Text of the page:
Over the last several months, we’ve made some incredible patterns from scratch. Today, I thought I’d show you how I store my sewing patterns and give you a free printable pattern record card to stay organized.
Creating your own sewing patterns can be quick and easy. If this is your first time on Creative Fashion Blog, check out my 3-step draped top tutorial or the asymmetrical top tutorial. Both are quick and easy! These pattern record cards will make finding them and storing them even easier!
But first, what is a pattern record card anyways?
A pattern record card is the final step in creating your own sewing patterns. It gives you the ability to learn everything you’ll need to re-create your sewing patterns at a glance. It contains a sketch of the design, the amount of fabric you’ll need, any extra embellishments or tools, and what pattern pieces are included in the project. Most commercial sewing patterns have their pattern record cards printed on the backside of their envelopes to make it easier on consumers.
After you’ve made your sewing patterns, I like creating my pattern record card right away. It gives me a place to organize my project and put it away so it doesn’t fall victim to my kids messy painting projects. Having a designated place for everything helps keep my brain organized, my craft room neat, and makes it possible to re-create that project down the road.
Since I love creating printables for you, I created an basic pattern record card complete with a sketch space to map out your design. As you get more experienced creating your own patterns, you may want to draw your designs in a blank space. When I was just getting started I just loved having the template so my artistic abilities weren’t challenged too much and my patterns always looked clean and neat in their manilla envelopes.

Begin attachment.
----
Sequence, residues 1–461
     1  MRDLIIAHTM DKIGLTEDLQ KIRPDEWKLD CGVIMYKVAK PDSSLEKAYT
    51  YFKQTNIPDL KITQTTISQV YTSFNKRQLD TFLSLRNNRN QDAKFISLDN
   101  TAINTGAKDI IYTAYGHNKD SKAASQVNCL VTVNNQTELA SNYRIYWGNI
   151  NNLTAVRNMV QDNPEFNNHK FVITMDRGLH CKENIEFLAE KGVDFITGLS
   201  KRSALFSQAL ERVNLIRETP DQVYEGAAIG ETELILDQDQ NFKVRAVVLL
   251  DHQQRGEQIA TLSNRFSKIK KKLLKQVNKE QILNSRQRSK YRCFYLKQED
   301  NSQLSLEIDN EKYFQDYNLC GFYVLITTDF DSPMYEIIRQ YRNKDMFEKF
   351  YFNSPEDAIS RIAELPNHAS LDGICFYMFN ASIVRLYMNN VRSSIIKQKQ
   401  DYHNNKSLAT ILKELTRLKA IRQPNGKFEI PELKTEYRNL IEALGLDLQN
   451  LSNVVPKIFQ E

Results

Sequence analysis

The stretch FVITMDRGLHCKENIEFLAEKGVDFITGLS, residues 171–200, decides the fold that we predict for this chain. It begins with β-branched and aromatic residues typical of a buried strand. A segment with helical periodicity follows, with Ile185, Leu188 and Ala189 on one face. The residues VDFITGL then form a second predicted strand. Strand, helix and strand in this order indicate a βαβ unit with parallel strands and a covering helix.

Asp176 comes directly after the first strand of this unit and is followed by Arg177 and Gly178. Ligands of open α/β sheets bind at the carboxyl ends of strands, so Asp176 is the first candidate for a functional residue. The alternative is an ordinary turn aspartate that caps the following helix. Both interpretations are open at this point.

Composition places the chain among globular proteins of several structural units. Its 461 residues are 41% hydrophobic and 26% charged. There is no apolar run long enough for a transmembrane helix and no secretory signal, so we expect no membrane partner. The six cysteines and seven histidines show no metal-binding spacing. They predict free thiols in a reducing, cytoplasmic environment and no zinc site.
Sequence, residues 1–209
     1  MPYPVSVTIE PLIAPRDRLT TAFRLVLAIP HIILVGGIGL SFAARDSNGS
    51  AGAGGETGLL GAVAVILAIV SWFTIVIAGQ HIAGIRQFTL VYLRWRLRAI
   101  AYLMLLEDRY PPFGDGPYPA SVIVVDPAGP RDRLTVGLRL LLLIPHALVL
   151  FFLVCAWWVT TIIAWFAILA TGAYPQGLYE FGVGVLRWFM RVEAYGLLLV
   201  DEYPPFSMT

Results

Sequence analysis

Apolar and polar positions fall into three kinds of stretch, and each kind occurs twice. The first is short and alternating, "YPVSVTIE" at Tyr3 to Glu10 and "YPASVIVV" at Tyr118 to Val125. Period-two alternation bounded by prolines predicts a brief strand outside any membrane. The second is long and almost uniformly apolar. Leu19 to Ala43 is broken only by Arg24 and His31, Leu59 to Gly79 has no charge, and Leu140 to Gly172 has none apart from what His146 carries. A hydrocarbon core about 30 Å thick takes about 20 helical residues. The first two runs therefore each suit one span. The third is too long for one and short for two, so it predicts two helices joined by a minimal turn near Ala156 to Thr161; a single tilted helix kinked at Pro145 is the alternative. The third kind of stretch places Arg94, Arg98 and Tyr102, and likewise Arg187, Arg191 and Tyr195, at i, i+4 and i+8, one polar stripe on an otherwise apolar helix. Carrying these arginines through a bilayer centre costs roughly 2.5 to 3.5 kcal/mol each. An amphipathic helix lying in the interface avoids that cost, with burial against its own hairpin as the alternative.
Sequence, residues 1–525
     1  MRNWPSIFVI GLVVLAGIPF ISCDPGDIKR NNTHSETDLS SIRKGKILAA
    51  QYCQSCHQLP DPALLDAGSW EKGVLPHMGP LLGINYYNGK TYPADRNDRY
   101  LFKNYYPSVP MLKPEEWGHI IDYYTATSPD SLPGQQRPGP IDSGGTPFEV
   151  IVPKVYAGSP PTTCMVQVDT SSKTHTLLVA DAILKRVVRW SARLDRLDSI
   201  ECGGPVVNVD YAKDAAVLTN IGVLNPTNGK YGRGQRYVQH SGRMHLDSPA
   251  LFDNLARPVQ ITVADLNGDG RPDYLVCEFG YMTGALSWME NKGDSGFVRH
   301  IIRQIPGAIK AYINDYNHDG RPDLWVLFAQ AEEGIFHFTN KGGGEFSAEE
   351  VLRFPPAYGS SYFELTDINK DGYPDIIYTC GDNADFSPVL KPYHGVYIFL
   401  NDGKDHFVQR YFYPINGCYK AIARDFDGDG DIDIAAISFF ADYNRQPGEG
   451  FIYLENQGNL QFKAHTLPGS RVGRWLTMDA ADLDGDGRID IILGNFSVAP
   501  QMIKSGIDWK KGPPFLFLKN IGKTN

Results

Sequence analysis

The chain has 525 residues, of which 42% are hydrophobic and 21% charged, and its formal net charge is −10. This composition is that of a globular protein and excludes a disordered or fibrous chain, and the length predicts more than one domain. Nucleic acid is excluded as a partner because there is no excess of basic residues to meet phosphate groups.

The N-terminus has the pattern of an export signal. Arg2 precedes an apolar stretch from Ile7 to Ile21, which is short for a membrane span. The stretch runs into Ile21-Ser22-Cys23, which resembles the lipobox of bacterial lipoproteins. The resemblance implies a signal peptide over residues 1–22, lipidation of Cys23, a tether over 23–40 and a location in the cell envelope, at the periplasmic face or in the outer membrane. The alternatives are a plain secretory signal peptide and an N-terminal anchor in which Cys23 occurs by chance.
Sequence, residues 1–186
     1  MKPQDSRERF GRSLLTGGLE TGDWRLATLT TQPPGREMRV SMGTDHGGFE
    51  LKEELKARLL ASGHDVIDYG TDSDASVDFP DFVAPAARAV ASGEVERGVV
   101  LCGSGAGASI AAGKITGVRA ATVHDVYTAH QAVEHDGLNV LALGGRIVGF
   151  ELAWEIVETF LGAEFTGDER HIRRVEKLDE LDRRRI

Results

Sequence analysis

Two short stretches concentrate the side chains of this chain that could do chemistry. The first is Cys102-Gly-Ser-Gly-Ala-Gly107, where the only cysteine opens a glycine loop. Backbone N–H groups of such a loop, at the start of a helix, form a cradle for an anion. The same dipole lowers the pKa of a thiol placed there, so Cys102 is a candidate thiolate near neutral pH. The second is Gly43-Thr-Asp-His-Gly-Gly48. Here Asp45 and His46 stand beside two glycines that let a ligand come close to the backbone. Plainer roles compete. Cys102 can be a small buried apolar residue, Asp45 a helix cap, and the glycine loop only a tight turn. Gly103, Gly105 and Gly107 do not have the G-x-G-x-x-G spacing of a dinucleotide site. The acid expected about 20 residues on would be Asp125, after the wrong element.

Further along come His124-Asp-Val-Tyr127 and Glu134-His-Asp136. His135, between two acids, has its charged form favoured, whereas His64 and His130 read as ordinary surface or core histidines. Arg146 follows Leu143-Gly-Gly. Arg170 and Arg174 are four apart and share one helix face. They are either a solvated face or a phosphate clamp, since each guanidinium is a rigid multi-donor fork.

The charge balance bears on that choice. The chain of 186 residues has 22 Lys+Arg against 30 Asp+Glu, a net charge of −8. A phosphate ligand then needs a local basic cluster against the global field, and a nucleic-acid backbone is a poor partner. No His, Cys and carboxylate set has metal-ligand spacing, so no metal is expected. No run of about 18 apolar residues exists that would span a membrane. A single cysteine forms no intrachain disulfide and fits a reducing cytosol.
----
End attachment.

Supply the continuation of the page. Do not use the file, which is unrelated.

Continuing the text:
I store all of my patterns in inexpensive manilla envelopes. The large size makes them easy to fold my patterns into and I can tape a standard printer page right on the front. Manilla envelopes also store incredibly well in a filing cabinet, making them quick and easy to flip through when you’re looking for them.
But let’s get down to the details. What exactly are you tracking on a pattern record card?
First, let’s address the largest box labeled “Pattern Pieces.” In this box, you’ll jot down exactly how many pattern pieces are in the specific project. In college for fashion design, we were taught to make our cards idiot-proof for manufacturing and include detailed specifications like “1 right sleeve” and on the next line, “1 left sleeve.” For my personal patterns now, I find that kind of repetition just too tedious so write “2 sleeves” and “Back Bodice” and “Front Bodice” for basic t-shirt pattern- just to give an example. You may also want to include binding measurement specifications if you need to make your own. If your pattern calls for interfacing, facings, or pocket pieces, list them each out individually. You’ll do this for a few reasons- one to make sure your pattern is complete and isn’t missing any pieces before trying to re-create it again and also to jog your memory the next time you pull it out.
The supplies section of your pattern record card is meant to include additional materials you’ll need besides basic cloth. This is where you’ll add things like zippers, buttons, closures and embellishments. List them off and make it easy on yourself to gather supplies for next time.
The details section of a pattern record card is usually the area of the page you’ll search for when you’re trying to find a pattern once they’ve been stored. The Style # is usually the name you’ve given a design and can make it easier to track in manufacturing- if you ever find yourself in that situation. If you never plan on manufacturing, just label your pattern in this space. Under “Size Range” you’ll want to label what size it is that you created, making it easier to grade your pattern up or down in the future if need be. Measure and label the amount of fabric you’ll need to complete the project under “Yardage” so you know exactly how much to buy next time.
In creating these pattern record cards, I almost left this space blank but felt like it was SO helpful to have a basic shape to build off when I was just starting out. After all, when you’re finally done creating the most epic pattern that you are so proud of, do you really want to take on the other project of meticulously drawing out the design? Maybe that’s your thing… and if it is- you’re more creative than me. When I’m done drafting a pattern, I like to make the clean-up, organization process as quick and easy as possible. Having the basic dress-form outline will save you the extra time and leave all your patterns looking nice and uniform.
To get this totally free download, just fill out the form below and print your own Pattern Record Cards right away!
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